Fr. Stavros N. Akrotirianakis is the Proistamenos of St. John Greek Orthodox Church in Tampa, FL. Fr. contributes the Prayer Team Ministry, a daily reflection, which began in February 2015. The Prayer Team now has its own dedicated website! Fr. Stavros has produced two books, “Let All Creation Rejoice: Reflections on Advent, the Nativity and Epiphany”: “https://amzn.to/2t1rXwh and “The Road Back to Christ: Reflections on Lent, Holy Week and the Resurrection.” https://amzn.to/2WAcfG0
Listen Now. We will now be including the daily reading of Epistle and Gospel with The Prayer Team.
And one of them, a lawyer, asked Him a question, to test Him: “Teacher, which is the great commandment in the law?” And Jesus said to him, “You shall love the Lord your God with all your heart, and with all your soul, and with all your mind. This is the great and first commandment. And a second is like it, You shall love your neighbor as yourself. On these two commandments depend all the law and the prophets.” Matthew 22:35-40
Good morning Prayer Team!
In the Old Testament there are a total of 613 commandments. Ten of those Commandments are known as the Ten Commandments, which we have been discussing. There was an entire class of leadership in the Jewish temple—Pharisees, Sadducees, Scribes, etc.—who were in charge of making sure that people were following the commandments. Since NO ONE could remember 613 Commandments and many of us can’t remember the Ten Commandments, this led to opportunities for abuse by the temple elite, who would bind heavy burdens over people who were unable to live up to these 613 standards.
When Jesus came to live among us, He summarized the Commandments into TWO Great Commandments. In these two Commandments fell the Ten. The Commandment to love the Lord your God covers having no other gods before you, making graven images, taking the Lord’s name in vain and remembering the Sabbath to keep it holy. And the commandment to love our neighbor covers honoring our father and mother, not committing murder, stealing, adultery and bearing false witness, and not coveting.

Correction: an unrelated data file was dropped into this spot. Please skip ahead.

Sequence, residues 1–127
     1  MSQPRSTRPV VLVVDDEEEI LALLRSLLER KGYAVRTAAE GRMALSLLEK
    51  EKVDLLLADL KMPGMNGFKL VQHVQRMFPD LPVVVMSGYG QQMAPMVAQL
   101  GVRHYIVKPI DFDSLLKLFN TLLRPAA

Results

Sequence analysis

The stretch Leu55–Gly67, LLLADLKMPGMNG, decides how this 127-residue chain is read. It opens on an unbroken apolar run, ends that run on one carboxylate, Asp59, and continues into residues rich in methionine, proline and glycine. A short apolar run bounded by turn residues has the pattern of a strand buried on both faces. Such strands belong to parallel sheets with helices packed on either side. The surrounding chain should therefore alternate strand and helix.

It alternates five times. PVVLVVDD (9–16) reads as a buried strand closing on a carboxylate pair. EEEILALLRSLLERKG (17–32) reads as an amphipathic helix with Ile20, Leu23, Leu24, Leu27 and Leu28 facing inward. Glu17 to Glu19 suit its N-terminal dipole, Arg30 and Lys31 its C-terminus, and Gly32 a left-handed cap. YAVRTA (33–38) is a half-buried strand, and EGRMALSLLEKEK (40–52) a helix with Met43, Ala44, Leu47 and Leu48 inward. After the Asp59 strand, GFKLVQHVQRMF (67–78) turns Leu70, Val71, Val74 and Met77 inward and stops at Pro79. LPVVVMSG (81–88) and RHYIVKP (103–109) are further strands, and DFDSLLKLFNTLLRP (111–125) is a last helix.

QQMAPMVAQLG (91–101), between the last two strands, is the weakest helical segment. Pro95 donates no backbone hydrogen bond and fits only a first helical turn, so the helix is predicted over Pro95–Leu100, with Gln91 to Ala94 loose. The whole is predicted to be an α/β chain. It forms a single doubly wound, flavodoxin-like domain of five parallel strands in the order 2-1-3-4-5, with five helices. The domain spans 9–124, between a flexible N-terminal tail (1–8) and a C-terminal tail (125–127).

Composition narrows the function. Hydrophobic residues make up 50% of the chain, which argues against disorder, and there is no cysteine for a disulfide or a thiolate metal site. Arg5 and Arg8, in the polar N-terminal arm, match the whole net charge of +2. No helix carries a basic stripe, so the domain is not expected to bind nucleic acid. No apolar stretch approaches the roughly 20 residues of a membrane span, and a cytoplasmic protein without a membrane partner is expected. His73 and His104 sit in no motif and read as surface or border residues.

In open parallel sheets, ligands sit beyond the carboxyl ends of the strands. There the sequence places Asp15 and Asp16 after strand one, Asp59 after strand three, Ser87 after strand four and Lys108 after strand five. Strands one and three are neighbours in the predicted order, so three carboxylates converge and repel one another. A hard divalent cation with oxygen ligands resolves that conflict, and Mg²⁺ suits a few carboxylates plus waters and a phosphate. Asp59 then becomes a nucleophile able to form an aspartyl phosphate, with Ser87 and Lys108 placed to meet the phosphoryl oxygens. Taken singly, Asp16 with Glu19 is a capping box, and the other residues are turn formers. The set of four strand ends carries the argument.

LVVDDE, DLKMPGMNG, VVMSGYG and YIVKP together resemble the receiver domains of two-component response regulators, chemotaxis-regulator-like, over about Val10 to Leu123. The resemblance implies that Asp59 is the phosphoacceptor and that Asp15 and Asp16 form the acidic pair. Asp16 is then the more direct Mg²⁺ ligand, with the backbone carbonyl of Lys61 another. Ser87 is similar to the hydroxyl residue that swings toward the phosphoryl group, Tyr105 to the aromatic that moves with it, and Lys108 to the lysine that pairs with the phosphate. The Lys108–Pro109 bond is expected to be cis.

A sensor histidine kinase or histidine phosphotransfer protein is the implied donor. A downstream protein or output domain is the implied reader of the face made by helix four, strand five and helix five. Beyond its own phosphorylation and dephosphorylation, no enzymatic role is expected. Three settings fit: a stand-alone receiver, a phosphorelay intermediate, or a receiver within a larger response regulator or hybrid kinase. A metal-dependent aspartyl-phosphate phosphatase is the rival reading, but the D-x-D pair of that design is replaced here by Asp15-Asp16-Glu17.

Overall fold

And if you can’t remember even two commandments, all the commandments can be summed up in one word, which is LOVE. If you are demonstrating love at all times, then you are following the commandments. Love is an act that takes from you and puts onto someone else—it is filled with self-emptying, humility, and service. Love is patient and kind, as we read in St. Paul’s First Letter to the Corinthians 13:1-8.
It did and does no good to memorize all the laws of the Bible and state them from memory if you don’t know the most basic of commandments, which is to love. And if you aren’t a master of scripture, that’s okay too. Just remember what it means to love and apply that to your life and you will be living a Christian life that pleases God. I remember when I was a young priest, that a Bishop of the church told me that the priesthood is about honoring God by loving people. In my moments of uncertainty of how to handle a situation, I use this barometer—does it show love for God? Does it show love for other people?
Lord, thank You for giving us an example of what it means to love. Thank You for sending Your Son, our Savior Jesus Christ, to love us and to die for us. Help me always know what it means to love You and to love others and help me to bring love into the decisions I make today! Help me to honor You today. Hope me to love my neighbor in the same way that You have loved us. Amen.
Love God and love your neighbor today!
With Roger Hunt providing today’s Daily Reading: Listen Now.
These readings are under copyright and is used by permission. All rights reserved. These works may not be further reproduced, in print or on other websites or in any other form, without the prior written authorization of the copyright holder: Reading © Holy Transfiguration Monastery – Brookline, MA, Apolytikion of Abbot Marcellus © Narthex Press, Kontakion of Abbot Marcellus © Holy Transfiguration Monastery – Brookline, MA.
The Revised Standard Version of the Bible is copyrighted 1946, 1952, 1971, and 1973 by the Division of Christian Education of the National Council of the Churches of Christ in the U.S.A. and used by permission. From the Online Chapel of the Greek Orthodox Archdiocese of America.
Photo Credit: This Day with God
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